Chutneys are one of those incredibly useful condiments that I would urge every home cook to start making. Endlessly useful and easily made in bulk and then canned or frozen, they are simple, satisfying and delicious. They are a fantastic way to preserve your spring, summer or autumn bounty. They are delicious on almost all Indian dishes, some Mexican dishes (depending on the chutney), many Middle Eastern and North African dishes, and the sweet ones do double duty as an elegant topping for brie or cream cheese. Once opened, they also last a very long time in the fridge.
My favorite chutneys, the ones I personally find the most use for, are sweet, tart and sour, much like Indian tamarind chutney, but thicker and chunkier. The blueprint rarely varies, comprised of vinegar, (usually brown or jaggery if you can find it) sugar, some salt, and veggies and/or fruit–often more fruit than veggies. Occasionally I add spices, as with this tomato chutney, but often a little ginger or garlic is sufficient. Some chutneys that have been featured on this blog in the past include:
Some dishes are created more “to taste” than others. For example, when braising a pot roast, I obviously do not taste it until it is completely cooked. Chutneys, however, are the opposite, as I let my nose and tongue guide me throughout the entire cooking process. I taste them constantly, looking for that perfect balance between the sour and the sweet. If, as is the case with this tomato chutney, I think it would benefit from spices, I add them until I can smell them slightly, but no more, as I want the chutney to remain flexible (I have found tomato chutneys and relishes in particular to be surprisingly tasty on Mexican dishes, so I do not want the chutney to taste like an actual Indian dish from the spices).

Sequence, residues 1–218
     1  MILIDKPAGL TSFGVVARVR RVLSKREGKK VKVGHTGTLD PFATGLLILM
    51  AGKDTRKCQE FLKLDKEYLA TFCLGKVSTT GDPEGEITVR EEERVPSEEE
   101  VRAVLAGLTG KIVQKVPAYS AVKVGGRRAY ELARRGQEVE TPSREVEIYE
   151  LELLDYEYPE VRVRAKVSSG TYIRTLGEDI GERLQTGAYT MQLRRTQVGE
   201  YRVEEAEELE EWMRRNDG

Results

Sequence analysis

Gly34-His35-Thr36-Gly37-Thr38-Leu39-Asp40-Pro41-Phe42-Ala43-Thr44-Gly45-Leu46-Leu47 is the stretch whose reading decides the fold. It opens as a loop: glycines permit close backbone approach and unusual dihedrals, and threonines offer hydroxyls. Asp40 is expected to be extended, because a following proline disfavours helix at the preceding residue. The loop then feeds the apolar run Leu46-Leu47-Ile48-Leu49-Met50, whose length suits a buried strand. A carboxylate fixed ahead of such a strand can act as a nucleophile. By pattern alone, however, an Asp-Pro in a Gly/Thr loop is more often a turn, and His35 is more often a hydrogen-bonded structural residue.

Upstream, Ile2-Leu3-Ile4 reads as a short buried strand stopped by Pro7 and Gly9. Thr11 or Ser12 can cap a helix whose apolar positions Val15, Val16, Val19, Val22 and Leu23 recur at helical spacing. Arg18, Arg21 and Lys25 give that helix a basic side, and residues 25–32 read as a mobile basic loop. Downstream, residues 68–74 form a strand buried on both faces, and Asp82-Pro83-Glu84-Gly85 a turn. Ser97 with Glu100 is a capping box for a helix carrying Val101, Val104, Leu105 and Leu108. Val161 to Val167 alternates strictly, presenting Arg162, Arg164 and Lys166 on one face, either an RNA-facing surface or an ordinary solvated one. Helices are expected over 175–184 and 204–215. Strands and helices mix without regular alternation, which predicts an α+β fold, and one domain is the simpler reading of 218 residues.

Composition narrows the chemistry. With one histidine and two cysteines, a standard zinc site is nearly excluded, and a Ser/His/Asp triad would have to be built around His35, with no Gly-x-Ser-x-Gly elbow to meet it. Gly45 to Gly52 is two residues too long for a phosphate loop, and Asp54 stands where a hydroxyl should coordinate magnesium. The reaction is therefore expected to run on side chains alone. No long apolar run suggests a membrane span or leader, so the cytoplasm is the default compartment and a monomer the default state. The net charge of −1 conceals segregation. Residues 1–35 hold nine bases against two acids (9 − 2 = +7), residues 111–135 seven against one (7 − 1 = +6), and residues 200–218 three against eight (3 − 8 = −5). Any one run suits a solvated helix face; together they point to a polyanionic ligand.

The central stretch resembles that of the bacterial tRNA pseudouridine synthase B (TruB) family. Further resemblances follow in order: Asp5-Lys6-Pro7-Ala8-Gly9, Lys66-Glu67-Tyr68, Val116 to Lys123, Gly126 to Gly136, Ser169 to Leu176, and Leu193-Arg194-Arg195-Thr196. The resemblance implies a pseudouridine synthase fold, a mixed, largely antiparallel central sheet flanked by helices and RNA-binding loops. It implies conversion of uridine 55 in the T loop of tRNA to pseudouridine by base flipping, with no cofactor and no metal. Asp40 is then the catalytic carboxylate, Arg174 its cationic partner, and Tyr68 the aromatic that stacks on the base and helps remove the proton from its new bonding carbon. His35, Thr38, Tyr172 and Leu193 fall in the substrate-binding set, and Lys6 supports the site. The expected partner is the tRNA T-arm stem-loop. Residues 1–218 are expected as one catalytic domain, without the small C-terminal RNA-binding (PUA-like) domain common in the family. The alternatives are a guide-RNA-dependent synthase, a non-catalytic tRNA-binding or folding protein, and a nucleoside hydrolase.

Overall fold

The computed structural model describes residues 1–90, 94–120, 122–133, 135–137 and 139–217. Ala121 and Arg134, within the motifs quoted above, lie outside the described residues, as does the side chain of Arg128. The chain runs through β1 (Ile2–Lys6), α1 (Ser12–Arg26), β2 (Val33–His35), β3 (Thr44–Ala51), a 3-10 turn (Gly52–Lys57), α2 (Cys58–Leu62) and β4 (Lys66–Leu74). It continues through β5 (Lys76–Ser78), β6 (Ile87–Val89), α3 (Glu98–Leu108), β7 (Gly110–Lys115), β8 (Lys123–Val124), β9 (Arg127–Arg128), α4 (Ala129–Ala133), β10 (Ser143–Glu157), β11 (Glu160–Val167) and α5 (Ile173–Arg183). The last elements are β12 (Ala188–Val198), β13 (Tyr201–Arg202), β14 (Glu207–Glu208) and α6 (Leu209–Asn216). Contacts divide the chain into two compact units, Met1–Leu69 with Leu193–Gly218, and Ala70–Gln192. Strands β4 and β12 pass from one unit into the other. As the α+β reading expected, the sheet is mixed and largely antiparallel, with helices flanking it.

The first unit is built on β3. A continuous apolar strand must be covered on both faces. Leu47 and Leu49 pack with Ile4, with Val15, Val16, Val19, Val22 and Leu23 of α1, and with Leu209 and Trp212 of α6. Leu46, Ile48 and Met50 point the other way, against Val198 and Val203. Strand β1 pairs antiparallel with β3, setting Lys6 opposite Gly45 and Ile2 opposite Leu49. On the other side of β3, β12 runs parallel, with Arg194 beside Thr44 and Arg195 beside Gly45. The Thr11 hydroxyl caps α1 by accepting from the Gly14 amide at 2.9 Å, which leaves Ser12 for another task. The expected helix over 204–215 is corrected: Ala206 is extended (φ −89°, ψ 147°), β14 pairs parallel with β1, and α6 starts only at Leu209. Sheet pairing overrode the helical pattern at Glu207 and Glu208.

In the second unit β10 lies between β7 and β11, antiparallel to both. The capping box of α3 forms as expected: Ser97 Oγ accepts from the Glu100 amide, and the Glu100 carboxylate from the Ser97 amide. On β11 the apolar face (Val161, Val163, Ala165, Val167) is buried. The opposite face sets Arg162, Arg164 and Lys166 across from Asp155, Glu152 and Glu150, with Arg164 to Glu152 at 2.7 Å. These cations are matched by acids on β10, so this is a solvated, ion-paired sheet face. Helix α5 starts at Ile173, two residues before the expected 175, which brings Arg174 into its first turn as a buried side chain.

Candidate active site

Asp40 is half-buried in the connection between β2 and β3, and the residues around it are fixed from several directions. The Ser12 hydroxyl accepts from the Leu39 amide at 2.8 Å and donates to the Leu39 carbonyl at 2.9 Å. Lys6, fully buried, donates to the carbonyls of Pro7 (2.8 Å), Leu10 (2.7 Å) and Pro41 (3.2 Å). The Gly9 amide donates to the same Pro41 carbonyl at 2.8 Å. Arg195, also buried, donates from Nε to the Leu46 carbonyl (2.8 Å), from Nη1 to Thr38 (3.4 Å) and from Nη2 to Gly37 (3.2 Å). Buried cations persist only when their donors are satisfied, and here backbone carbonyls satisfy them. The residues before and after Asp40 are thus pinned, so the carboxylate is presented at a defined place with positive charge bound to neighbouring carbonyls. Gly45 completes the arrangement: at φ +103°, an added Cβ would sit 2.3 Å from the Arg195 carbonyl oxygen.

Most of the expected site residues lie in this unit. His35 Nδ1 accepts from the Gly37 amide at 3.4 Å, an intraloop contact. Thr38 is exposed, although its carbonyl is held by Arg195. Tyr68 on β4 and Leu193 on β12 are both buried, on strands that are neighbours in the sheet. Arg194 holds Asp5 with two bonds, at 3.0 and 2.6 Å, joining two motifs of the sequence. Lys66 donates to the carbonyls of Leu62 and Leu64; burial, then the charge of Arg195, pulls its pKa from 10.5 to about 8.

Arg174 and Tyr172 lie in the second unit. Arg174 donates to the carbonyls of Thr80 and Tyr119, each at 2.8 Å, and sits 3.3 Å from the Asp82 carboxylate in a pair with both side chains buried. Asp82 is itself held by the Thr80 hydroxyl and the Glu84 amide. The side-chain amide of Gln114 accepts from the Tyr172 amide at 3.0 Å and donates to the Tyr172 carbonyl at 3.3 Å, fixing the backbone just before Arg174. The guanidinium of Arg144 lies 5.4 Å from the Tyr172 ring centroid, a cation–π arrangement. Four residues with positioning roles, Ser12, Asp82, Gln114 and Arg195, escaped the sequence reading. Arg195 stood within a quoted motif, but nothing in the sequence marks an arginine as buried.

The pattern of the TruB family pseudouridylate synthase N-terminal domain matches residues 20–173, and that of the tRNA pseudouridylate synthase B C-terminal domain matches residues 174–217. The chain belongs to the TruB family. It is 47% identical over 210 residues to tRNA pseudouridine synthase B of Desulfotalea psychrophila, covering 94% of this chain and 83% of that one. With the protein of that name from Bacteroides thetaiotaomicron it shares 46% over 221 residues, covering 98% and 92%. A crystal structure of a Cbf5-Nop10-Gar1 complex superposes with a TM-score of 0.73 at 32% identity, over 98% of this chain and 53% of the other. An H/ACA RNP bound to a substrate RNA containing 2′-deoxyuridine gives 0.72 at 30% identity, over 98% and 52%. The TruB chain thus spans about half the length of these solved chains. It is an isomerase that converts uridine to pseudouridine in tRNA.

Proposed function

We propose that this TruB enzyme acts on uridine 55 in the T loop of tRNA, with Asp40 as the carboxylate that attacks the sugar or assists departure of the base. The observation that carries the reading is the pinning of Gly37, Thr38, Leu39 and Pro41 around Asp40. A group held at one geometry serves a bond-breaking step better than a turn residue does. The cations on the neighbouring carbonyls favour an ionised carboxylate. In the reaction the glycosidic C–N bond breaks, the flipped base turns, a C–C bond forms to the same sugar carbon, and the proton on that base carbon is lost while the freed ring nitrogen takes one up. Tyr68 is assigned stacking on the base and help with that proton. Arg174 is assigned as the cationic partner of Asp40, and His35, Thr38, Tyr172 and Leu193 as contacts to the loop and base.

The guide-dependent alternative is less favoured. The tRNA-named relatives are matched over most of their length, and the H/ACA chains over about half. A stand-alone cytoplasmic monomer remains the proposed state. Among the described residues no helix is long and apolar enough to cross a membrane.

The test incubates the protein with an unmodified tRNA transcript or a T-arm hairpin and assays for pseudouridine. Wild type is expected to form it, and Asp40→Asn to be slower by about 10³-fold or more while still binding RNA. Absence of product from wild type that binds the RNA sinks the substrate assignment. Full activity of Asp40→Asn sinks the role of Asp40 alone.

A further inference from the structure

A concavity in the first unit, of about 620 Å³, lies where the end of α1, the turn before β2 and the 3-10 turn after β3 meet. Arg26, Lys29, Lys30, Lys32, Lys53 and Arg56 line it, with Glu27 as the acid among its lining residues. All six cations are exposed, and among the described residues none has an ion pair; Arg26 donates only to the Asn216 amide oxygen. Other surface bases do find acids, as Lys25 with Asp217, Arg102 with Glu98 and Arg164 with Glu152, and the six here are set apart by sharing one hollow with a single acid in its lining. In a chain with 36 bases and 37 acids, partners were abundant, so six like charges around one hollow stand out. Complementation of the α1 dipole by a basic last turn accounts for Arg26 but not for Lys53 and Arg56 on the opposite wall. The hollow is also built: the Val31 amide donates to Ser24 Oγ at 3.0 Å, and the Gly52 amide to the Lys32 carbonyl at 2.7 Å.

A chutney comprised in significant part from a sweet fruit obviously needs less sugar than one that is not. For example, very little sugar is added to the Date, Onion and Tart Apple Chutney, as the dates are almost tooth-achingly sweet on their own. The rhubarb chutney, on the other hand, needs plenty of sugar even with the apples and raisins to counterbalance the rhubarb. The rhubarb chutney also correspondingly needs less vinegar than the date chutney. Here are the basic blueprints for the Tomato Chutney and the Date, Onion and Tart Apple Chutney.
- 6 quarts of chopped tomatoes
- hefty pinch of salt
- 2/3 cup of apple cider vinegar
- 2/3 cup brown sugar or jaggery
- 1/2 t ground cumin
- 1 1/2 t Ceylon cinnamon
- 1/2 t allspice
- 2 T minced garlic
Start with a lot of freshly picked tomatoes. Chop them coarsely and add to a pot with their juices--I had about 6 quarts of chopped tomatoes because I plan to freeze this chutney. Add a hefty pinch of salt, and for that many tomatoes, about 2/3 cup of apple cider vinegar, 2/3 cup brown sugar or jaggery, and 1/2 teaspoon of ground cumin, 1 1/2 teaspoons of Ceylon cinnamon, 1/2 teaspoon of allspice, and 2 tablespoons of minced garlic. Bring to a boil and let boil gently for 10 minutes. Taste for more vinegar and/or sugar. Boil another 10 minutes. Taste again, and this time taste for more spices (add them in 1/4 teaspoon increments). This time let the chutney simmer briskly (so slightly more gentle than the boil) for 30 minutes, uncovered. When the raw taste of the tomatoes has concentrated into a more cooked flavor, and the seasoning is to your taste, let the chutney cool before placing it in appropriate containers and freezing or chilling.
- 1 lb sliced dates
- 4 large onions, sliced
- 6 baking apples, like the super tart ones ready in mid-late summer, peeled, cored and chopped (Granny Apples are the best choice from the grocery store)
- ¼ cup minced fresh ginger
- ½ cup apple cider vinegar
- pinch of salt
Start by placing the dates into a large, heavy bottomed pot. Add the onions and apples. as well as the ginger and apple cider vinegar with a pinch of salt, and bring the entire mixture to a boil.
Let boil gently for 30 minutes, until the dates have broken down.
Taste for any additional sugar as well as more vinegar. Let it continue to gently boil until it reaches your desired texture--I like the dates fairly broken down so mine gently boiled for at least an hour. Let cool before transferring to containers to freeze or chill.